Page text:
Here, in the spiritual home of loop, flight and spin, is situated the Dennis Lillee Academy of fast bowling - graduates, thus far, nil, but none the less, India's realistic approach to the modern and, some would say, slighly depressing trend of international cricket.
However, as England prepare for the second Test match tomorrow, there is no reason to believe that they will not be facing another trial by slow bowling. India won in Calcutta through their more traditional resources and in angling terms, they will once again be tickling for trout as opposed to lobbing hand grenades over the side of the boat.
The question now is whether England will attempt to play the home team - as was their intention when they picked the squad in September - at their own game. In Calcutta, the when-in-Rome adage became slightly confused with when at Headingley, and the four- fast bowler policy turned out to be a tactical gaffe of faintly embarrassing proportions. Paul Taylor's major contribution as a bowler, in fact, was in running on to the pitch in his follow-through and giving the Indian spinners some inviting rough to bowl into.
The pitch here at the Chepauk Stadium looks as though it will offer a good deal more bounce than the one at Eden Gardens but, as this is also an important weapon in the spinner's armoury, England will surely not be so completely seduced by pace again.
Indian batsmen traditionally play spin much more easily than fast bowling and the tour selectors may also have been influenced by Allan Donald's comments after the South Africa-India Test series, when Donald alleged that one or two of the visiting batsmen were in no danger of winning medals for gallantry under fire. However, variety has always been the key in the land of spice and it seems inconceivable that Philip Tufnell will not be allowed the chance to improve on his record of 38 wickets in 10 Test matches.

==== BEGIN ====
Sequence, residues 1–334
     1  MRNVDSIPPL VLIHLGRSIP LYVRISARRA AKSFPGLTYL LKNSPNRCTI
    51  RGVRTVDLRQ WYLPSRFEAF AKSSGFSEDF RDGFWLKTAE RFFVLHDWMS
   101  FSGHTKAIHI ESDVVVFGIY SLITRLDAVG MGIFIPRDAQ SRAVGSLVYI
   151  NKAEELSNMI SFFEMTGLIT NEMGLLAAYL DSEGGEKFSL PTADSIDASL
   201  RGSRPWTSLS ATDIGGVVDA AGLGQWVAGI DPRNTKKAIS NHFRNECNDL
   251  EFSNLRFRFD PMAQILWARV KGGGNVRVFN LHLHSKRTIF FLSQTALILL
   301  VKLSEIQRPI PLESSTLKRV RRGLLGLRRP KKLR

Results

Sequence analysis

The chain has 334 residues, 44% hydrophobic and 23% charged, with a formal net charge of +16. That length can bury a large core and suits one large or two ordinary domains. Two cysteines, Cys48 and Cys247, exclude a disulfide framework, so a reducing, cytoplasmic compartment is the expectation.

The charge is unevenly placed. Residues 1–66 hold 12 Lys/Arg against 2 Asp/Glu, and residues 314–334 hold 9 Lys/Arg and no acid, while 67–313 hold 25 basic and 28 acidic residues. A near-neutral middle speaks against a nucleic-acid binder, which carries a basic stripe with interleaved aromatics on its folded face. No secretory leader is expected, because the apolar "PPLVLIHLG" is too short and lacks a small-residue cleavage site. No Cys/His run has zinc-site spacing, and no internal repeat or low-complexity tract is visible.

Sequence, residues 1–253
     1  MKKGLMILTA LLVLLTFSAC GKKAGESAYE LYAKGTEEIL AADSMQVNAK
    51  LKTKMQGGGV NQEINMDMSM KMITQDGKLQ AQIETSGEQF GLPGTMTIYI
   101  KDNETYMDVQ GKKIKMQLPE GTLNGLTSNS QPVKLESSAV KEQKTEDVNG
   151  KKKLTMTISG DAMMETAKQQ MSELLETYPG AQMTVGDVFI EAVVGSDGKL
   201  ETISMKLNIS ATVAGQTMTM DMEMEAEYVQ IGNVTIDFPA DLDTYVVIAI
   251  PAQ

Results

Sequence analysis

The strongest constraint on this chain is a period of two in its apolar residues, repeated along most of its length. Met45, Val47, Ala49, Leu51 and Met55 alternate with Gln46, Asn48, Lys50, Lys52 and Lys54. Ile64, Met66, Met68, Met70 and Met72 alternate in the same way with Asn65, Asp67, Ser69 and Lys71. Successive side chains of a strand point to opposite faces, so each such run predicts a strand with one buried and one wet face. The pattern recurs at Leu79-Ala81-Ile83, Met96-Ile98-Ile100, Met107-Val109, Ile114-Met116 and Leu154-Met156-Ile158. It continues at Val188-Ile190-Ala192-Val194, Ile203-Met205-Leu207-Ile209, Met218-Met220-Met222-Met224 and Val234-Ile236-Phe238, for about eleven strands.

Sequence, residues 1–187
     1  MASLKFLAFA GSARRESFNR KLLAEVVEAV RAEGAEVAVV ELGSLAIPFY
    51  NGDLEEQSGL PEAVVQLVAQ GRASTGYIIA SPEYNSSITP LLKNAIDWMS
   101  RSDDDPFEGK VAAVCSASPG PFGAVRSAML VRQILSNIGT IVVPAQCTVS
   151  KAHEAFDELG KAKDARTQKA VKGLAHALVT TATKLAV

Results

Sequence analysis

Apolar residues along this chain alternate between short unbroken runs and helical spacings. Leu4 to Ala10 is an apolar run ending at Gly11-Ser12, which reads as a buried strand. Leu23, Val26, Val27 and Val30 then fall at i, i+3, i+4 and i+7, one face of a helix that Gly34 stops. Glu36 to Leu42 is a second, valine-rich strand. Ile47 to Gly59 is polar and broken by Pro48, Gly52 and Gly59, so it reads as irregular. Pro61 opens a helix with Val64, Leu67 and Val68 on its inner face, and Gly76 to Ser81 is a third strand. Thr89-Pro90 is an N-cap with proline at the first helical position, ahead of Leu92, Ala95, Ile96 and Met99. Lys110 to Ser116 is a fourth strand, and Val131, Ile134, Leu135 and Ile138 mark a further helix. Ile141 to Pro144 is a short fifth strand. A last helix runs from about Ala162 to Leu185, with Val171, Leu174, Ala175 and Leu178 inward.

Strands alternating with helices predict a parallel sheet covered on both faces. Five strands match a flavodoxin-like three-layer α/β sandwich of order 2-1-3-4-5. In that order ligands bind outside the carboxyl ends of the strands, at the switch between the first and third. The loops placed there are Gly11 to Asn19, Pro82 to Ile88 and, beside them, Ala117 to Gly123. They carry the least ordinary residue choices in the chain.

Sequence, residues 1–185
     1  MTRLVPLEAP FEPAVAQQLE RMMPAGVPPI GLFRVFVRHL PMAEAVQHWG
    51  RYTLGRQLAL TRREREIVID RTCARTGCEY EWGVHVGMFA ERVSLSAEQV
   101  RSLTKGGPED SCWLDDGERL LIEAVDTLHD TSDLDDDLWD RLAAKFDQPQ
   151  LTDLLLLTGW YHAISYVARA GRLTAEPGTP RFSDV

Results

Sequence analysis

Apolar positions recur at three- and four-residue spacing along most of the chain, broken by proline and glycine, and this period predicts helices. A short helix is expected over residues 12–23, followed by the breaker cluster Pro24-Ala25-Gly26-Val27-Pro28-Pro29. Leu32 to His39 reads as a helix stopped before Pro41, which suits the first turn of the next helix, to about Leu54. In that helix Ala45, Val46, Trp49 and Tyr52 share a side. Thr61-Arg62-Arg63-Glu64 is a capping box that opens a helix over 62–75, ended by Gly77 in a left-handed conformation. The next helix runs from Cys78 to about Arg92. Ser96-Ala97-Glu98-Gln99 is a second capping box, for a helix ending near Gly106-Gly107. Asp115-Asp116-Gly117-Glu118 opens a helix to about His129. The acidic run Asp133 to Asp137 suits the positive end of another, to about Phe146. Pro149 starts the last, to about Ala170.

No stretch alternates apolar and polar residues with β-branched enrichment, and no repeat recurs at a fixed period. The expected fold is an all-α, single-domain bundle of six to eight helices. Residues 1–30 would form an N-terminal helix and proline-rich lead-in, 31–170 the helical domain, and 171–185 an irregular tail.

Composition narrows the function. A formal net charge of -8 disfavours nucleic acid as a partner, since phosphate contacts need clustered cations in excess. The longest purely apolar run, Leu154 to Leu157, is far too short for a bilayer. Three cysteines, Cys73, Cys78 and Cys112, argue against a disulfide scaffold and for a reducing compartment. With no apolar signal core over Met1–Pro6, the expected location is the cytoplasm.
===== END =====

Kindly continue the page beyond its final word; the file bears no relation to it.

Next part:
Tufnell is a complex character, who involuntarily parted company with more than one school in his youth and has also spent a fair amount of his cricketing education in the headmaster's study. He is as nonconformist as the Australian off-spinner Greg Matthews, and no one was greatly surprised when those two formed a close off-the-field friendship (Dennis the Menace meets Beryl the Peril) on the Ashes tour to Australia a couple of years ago.
However, having fined him - a trifle excessively, perhaps - for his misdemeanours against the Rest of India XI in Vishakhapatnam, England have no need to inflict further punishment by omitting him again here. Neither is it in their own interests to do so. Tufnell is a proven match-winner and, at 1-0 down with two to play, this is no time for negative thinking.
It is also time for them to think more positively about India's own shortcomings. Mohammad Azharuddin and Sachin Tendulkar are two world-class acts in an otherwise ordinary batting line-up, and by far the best spinner that England have encountered so far on tour, Maninder Singh, cannot get into the Indian side.
The one decision that England have to make about their batting line-up is whether to play Michael Atherton, as they would have done in Calcutta had he not been ill. Neil Fairbrother is an option but so, too, given that Alec Stewart's finger injury makes it a problem for him to keep wicket against the faster bowlers, is Richard Blakey.
What is not in England's favour is that they have so many players barely recovered from viruses and stomach complaints and that playing in Madras is like playing inside a Turkish bath.
Smith in the mood,
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